Document Type

Article

Department/Program

Virginia Institute of Marine Science

Publication Date

2019

Journal

Ecology and Evolution

Abstract

Bergmann's rule predicts that organisms at higher latitudes are larger than ones at lower latitudes. Here, we examine the body size pattern of the Atlantic marsh fiddler crab, Minuca pugnax (formerly Uca pugnax), from salt marshes on the east coast of the United States across 12 degrees of latitude. We found that M. pugnax followed Bergmann's rule and that, on average, crab carapace width increased by 0.5 mm per degree of latitude. Minuca pugnax body size also followed the temperature–size rule with body size inversely related to mean water temperature. Because an organism's size influences its impact on an ecosystem, and M. pugnax is an ecosystem engineer that affects marsh functioning, the larger crabs at higher latitudes may have greater per‐capita impacts on salt marshes than the smaller crabs at lower latitudes.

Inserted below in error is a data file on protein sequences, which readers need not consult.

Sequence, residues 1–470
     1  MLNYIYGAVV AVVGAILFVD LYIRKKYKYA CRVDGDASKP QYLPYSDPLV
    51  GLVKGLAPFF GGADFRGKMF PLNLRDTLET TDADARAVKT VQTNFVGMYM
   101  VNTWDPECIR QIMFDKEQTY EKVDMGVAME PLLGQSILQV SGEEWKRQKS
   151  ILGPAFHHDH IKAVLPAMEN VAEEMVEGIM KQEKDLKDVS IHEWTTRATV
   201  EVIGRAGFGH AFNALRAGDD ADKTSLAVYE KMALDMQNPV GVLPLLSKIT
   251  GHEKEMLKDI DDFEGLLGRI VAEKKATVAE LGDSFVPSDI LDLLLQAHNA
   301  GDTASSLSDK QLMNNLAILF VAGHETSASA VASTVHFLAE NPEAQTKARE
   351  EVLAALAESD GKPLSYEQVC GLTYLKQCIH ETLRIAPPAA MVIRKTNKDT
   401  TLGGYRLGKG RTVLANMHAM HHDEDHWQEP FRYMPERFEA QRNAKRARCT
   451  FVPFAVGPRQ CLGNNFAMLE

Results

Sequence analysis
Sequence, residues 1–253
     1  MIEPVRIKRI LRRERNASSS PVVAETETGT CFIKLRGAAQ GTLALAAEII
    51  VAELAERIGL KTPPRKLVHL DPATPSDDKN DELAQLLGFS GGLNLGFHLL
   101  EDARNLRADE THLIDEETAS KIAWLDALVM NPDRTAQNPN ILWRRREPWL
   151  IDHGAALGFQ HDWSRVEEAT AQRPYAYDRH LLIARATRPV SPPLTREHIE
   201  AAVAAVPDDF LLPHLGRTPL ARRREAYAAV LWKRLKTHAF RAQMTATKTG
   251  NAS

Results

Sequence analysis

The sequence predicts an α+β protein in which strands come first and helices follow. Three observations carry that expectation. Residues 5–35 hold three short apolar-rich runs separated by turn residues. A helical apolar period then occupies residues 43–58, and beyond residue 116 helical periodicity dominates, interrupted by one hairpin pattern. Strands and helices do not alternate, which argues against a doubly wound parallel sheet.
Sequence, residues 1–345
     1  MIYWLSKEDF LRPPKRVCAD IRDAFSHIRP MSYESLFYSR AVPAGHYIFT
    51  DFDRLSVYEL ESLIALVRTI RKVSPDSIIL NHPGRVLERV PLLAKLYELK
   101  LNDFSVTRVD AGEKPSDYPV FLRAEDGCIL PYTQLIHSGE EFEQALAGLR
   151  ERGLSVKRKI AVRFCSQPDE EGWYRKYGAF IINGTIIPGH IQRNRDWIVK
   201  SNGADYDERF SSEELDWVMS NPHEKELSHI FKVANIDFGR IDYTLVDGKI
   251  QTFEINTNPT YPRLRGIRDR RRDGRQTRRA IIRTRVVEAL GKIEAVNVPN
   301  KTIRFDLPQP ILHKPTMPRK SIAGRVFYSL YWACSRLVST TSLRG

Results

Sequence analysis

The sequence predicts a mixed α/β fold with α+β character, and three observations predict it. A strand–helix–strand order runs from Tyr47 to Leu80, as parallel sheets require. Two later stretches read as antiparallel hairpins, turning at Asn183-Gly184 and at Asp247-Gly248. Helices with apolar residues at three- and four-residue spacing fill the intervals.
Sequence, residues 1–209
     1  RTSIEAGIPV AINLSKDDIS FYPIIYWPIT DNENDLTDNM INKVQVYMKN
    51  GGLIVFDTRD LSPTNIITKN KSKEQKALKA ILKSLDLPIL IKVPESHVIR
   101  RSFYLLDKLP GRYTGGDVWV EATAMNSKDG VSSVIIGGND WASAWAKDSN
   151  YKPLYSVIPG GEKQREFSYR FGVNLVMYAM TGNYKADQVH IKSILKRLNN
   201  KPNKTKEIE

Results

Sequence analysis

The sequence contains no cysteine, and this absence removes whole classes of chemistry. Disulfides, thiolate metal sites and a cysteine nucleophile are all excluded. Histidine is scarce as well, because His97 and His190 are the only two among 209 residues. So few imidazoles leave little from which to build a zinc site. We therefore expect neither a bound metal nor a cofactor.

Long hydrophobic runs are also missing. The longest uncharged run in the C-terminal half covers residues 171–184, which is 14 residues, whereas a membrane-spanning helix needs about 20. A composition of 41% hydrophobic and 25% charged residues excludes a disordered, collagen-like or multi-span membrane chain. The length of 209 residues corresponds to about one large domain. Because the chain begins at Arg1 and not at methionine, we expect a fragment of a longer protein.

DOI

10.1002/ece3.5883

Keywords

Bergmann's rule, fiddler crab, Gulf of Maine, salt marsh, temperature–size rule, tropicalization

Creative Commons License

Creative Commons Attribution 4.0 License
This work is licensed under a Creative Commons Attribution 4.0 License.

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